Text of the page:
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* FROM THE SUNDAY TIMES BESTSELLING AUTHOR OF HOW TO ARGUE WITH A RACIST *
Throughout history, people have sought to improve society by reducing suffering, eliminating disease or enhancing desirable qualities in their children. But this wish goes hand in hand with the desire to impose control over who can marry, who can procreate and who is permitted to live. In the Victorian era, in the shadow of Darwin's ideas about evolution, a new full-blooded attempt to impose control over our unruly biology began to grow in the clubs, salons and offices of the powerful. It was enshrined in a political movement that bastardised science, and for sixty years enjoyed bipartisan and huge popular support.
Eugenics was vigorously embraced in dozens of countries. It was also a cornerstone of Nazi ideology, and forged a path that led directly to the gates of Auschwitz. But the underlying ideas are not merely historical. The legacy of eugenics persists in our language and literature, from the words 'moron' and 'imbecile' to the themes of some of our greatest works of culture. Today, with new gene editing techniques, very real conversations are happening - including in the heart of British government - about tinkering with the DNA of our unborn children, to make them smarter, fitter, stronger.
CONTROL tells the story of attempts by the powerful throughout history to dictate reproduction and regulate the interface of breeding and society. It is an urgently needed examination that unpicks one of the defining and most destructive ideas of the twentieth century. To know this history is to inoculate ourselves against its being repeated.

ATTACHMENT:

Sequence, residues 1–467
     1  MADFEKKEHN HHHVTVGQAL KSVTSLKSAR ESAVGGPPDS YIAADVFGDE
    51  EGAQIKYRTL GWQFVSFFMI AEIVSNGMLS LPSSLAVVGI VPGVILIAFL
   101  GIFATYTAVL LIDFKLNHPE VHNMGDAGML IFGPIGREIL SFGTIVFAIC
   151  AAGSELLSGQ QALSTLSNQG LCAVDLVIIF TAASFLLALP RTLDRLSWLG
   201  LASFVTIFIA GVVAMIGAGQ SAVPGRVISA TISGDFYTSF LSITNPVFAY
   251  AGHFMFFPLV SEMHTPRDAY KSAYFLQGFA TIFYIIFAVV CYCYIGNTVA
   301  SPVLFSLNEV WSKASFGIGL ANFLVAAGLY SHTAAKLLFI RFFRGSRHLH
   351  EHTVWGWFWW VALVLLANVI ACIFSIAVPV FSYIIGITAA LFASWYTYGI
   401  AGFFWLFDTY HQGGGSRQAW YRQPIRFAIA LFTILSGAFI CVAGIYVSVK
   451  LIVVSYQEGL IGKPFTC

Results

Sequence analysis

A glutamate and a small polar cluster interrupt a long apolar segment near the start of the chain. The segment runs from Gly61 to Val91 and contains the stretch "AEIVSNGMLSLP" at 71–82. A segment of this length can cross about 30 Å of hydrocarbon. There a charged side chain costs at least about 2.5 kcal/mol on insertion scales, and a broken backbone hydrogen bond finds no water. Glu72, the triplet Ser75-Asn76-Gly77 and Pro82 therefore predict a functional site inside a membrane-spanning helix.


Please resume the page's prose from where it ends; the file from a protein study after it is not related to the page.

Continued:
A century of efforts to breed, sterilize, or slaughter the way to grasp control over "who lives" is lambasted in this stinging study of the eugenics movement. Geneticist Rutherford (How to Argue with a Racist) begins by surveying the 20th-century impact of eugenics, the attempt to improve the genetic profile of a population by discouraging certain people—historically the poor, the disabled, and racial minorities—from having children. The doctrine led to thousands of Americans being sterilized under state eugenics laws in the 1930s and, in Nazi Germany, to the mass murder of those deemed genetically "undesirable." These policies, Rutherford shows, grew from a pro-eugenics consensus among leading scientists and other mainstream figures of the time, from Winston Churchill to W.E.B. Du Bois. Rutherford then investigates the neo-eugenics enthusiasm surrounding present-day advances in genetic screening and gene editing, and convincingly debunks the notion of superhuman "designer babies," arguing that it's "barely viable" to enhance complex traits such as intelligence with genetic-engineering technologies. Rutherford writes in a pugnacious, sometimes polemical style—"It persists like a turd that won't flush," he remarks of Madison Grant's perennially influential white-supremacist tome The Passing of the Great Race—while conveying the science in a lucid, down-to-earth way. The result is a stimulating critique of one of science's most disgraceful chapters.